86. G  anesan AN, Kuklik P, Lau DH, et al. Bipolar electrogram shannon entropy at sites of rotational activation. Circ Arrhythm Electrophysiol 2013;6:48–57. https://doi.org/10.1161/ CIRCEP.112.976654; PMID: 23264437. 87. Narayan SM, Shivkumar K, Krummen DE, et al. Panoramic electrophysiological mapping but not electrogram morphology identifies stable sources for human atrial fibrillation. Circ Arrhythm Electrophysiol 2013;6:58–67. https://doi. org/10.1161/CIRCEP.111.977264; PMID: 23392583. 88. Verma A, Jiang C, Betts TR, et al. Approaches to catheter ablation for persistent atrial fibrillation. N Engl J Med 2015;372:1812–22. https://doi.org/10.1056/NEJMoa1408288; PMID: 25946280. 89. Ammar S, Hessling G, Reents T, et al. Importance of sinus rhythm as endpoint of persistent atrial fibrillation ablation. J Cardiovasc Electrophysiol 2013;2:388–95. https://doi.org/10.1111/ jce.12045; PMID: 23252615. 90. Pandit SV, Jalife J. Rotors and the dynamics of cardiac fibrillation. Circ Res 2013;112:849–62. https://doi.org/10.1161/ CIRCRESAHA.111.300158; PMID: 23449547. 91. Guillem MS, Climent AM, Rodrigo M, et al. Presence and stability of rotors in atrial fibrillation: evidence and therapeutic implications. Cardiovasc Res 2016;109:480–92. https://doi.org/10.1093/cvr/cvw011; PMID: 26786157. 92. Guillem MS, Climent AM, Castells F, et al. Noninvasive mapping of human atrial fibrillation. J Cardiovasc Electrophysiol 2009;20:507–13. https://doi.org/10.1111/j.15408167.2008.01356.x; PMID: 19017334. 93. Cuculich PS, Wang Y, Lindsay BD, et al. Noninvasive characterization of epicardial activation in humans with diverse atrial fibrillation patterns. Circulation 2010;122:1364–72. https://doi.org/10.1161/CIRCULATIONAHA.110.945709; PMID: 20855661 94. Haissaguerre M, Hocini M, Denis A, et al. Driver domains in persistent atrial fibrillation. Circulation 2014;130:530–8. https:// doi.org/10.1161/CIRCULATIONAHA.113.005421; PMID: 25028391. 95. Knecht S, Sohal M, Deisenhofer I, et al. Multicentre evaluation of non-invasive biatrial mapping for persistent atrial fibrillation ablation: the AFACART study. Europace 2017;19:1302–9. https://doi.org/10.1093/europace/euw168; PMID: 28204452. 96. Verheule S, Eckstein J, Linz D, et al. Role of endo-epicardial dissociation of electrical activity and transmural conduction in the development of persistent atrial fibrillation. Prog Biophys Mol Biol 2014;115:173–85. https://doi.org/10.1016/ j.pbiomolbio.2014.07.007; PMID: 25086270. 97. Santangeli P, Marchlinski FE. Techniques for the provocation, localization, and ablation of non–pulmonary vein triggers for atrial fibrillation. Heart Rhythm 2017;14:1087–96. https://doi. org/10.1016/j.hrthm.2017.02.030; PMID: 28259694. 98. Romero J, Gianni C, Di Biase L, Natale A. Catheter ablation for long-standing persistent atrial fibrillation. Methodist DeBakey Cardiovasc J 2015;11:87–93. https://doi.org/10.14797/mdcj-112-87; PMID: 26306125. 99. Lee G, McLellan AJA, Hunter RJ, et al. Panoramic characterization of endocardial left atrial activation during human persistent AF: Insights from non-contact mapping. Int J Cardiol 2017;228:406–11. https://doi.org/10.1016/ j.ijcard.2016.11.085; PMID: 27870970. 100. Yamabe H, Kanazawa H, Ito M, et al. Prevalence and mechanism of rotor activation identified during atrial fibrillation by noncontact mapping: Lack of evidence for a role in the maintenance of atrial fibrillation. Heart Rhythm 2016;13:2323–30. https://doi.org/10.1016/j.hrthm.2016.07.030; PMID: 27484715. 101. Kumagai K, Nakashima H. Noncontact mapping-guided catheter ablation of atrial fibrillation. Circ J 2009;73:233–41. https://doi.org/10.1253/circj.CJ-08-0700; PMID: 19060418. 102. Narayan SM, Krummen DE, Shivkumar K, et al. Treatment of atrial fibrillation by the ablation of localized sources: CONFIRM (Conventional Ablation for Atrial Fibrillation With or Without Focal Impulse and Rotor Modulation) trial. J Am Coll Cardiol 2012;60:628–36. https://doi.org/10.1016/ j.jacc.2012.05.022; PMID: 22818076. 103. Rostock T, Rotter M, Sanders P, et al. High-density activation mapping of fractionated electrograms in the atria of patients with paroxysmal atrial fibrillation. Heart Rhythm 2006;3:27–34. https://doi.org/10.1016/j.hrthm.2005.09.019; PMID: 16399048. 104. Narayan SM, Wright M, Derval N, et al. Classifying fractionated electrograms in human atrial fibrillation using monophasic action potentials and activation mapping: Evidence for localized drivers, rate acceleration, and nonlocal signal etiologies. Heart Rhythm 2011;8:244–53. https://doi. org/10.1016/j.hrthm.2010.10.020; PMID: 20955820. 105. Seitz J, Bars C, Théodore G, et al. AF ablation guided by spatiotemporal electrogram dispersion without pulmonary vein isolation. J Am Coll Cardiol 2017;69:303–21. https://doi. org/10.1016/j.jacc.2016.10.065; PMID: 28104073. 106. Della Rocca DG, Mohanty S, Trivedi C, et al. Percutaneous treatment of non-paroxysmal atrial fibrillation: A paradigm shift from pulmonary vein to non-pulmonary vein trigger ablation? Arrhythmia Electrophysiol Rev 2018;7:256–60. https://doi. org/10.15420/aer.2018.56.2; PMID: 30588313. 107. Hung Y, Lo L-W, Lin Y-J, et al. Characteristics and long-term catheter ablation outcome in long-standing persistent atrial fibrillation patients with non-pulmonary vein triggers. Int J Cardiol 2017;241:205–11. https://doi.org/10.1016/ j.ijcard.2017.04.050; PMID: 28456483.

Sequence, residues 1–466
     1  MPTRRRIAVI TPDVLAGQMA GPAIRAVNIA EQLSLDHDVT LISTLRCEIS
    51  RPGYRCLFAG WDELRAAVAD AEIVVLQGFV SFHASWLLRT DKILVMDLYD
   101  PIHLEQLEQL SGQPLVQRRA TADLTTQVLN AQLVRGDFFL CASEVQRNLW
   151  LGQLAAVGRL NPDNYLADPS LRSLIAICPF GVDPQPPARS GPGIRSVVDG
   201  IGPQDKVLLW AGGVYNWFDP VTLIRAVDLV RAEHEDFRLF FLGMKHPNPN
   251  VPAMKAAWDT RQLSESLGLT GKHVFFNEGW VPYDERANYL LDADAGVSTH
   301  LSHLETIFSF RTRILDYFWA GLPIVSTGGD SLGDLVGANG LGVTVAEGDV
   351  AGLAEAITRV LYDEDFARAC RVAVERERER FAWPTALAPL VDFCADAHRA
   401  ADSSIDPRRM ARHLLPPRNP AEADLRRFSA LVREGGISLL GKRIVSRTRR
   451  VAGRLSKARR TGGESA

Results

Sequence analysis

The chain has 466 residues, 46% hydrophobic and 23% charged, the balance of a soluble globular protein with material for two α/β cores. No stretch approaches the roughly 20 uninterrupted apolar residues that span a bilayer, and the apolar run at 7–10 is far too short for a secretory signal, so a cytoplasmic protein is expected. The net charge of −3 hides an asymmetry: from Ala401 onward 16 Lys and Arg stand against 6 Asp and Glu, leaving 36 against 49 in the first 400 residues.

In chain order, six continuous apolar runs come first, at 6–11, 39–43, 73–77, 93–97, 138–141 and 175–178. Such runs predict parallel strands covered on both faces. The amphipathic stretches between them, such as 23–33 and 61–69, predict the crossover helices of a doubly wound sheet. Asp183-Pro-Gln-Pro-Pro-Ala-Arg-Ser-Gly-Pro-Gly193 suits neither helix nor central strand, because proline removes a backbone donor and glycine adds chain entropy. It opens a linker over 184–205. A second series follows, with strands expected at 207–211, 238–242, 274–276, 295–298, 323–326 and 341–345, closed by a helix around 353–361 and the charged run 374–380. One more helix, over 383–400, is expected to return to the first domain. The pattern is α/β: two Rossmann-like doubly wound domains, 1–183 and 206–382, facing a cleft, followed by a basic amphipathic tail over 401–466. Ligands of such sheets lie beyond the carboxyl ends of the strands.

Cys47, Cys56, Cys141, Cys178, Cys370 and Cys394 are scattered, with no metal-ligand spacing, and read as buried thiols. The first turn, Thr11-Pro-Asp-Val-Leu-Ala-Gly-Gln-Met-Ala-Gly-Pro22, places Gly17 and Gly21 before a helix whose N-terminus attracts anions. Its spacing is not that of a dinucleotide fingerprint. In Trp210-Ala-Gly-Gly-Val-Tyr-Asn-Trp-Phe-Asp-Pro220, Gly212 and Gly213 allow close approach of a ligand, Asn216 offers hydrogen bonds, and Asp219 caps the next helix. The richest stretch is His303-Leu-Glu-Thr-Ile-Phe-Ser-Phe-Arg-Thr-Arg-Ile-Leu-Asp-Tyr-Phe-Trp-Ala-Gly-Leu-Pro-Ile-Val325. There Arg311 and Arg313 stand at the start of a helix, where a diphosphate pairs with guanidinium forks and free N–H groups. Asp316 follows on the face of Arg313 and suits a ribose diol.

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Non-paroxysmal AF 108. Lin D, Frankel DS, Zado ES, et al. Pulmonary vein antral isolation and nonpulmonary vein trigger ablation without additional substrate modification for treating longstanding persistent atrial fibrillation. J Cardiovasc Electrophysiol 2012;23:806–13. https://doi.org/10.1111/j.15408167.2012.02307.x; PMID: 22509772. 109. Mohanty S, Trivedi C, Gianni C, et al. Procedural findings and ablation outcome in patients with atrial fibrillation referred after two or more failed catheter ablations. J Cardiovasc Electrophysiol 2017;28:1379–86. https://doi.org/10.1111/ jce.13329; PMID: 28841251. 110. Buch E, Share M, Tung R, et al. Long-term clinical outcomes of focal impulse and rotor modulation for treatment of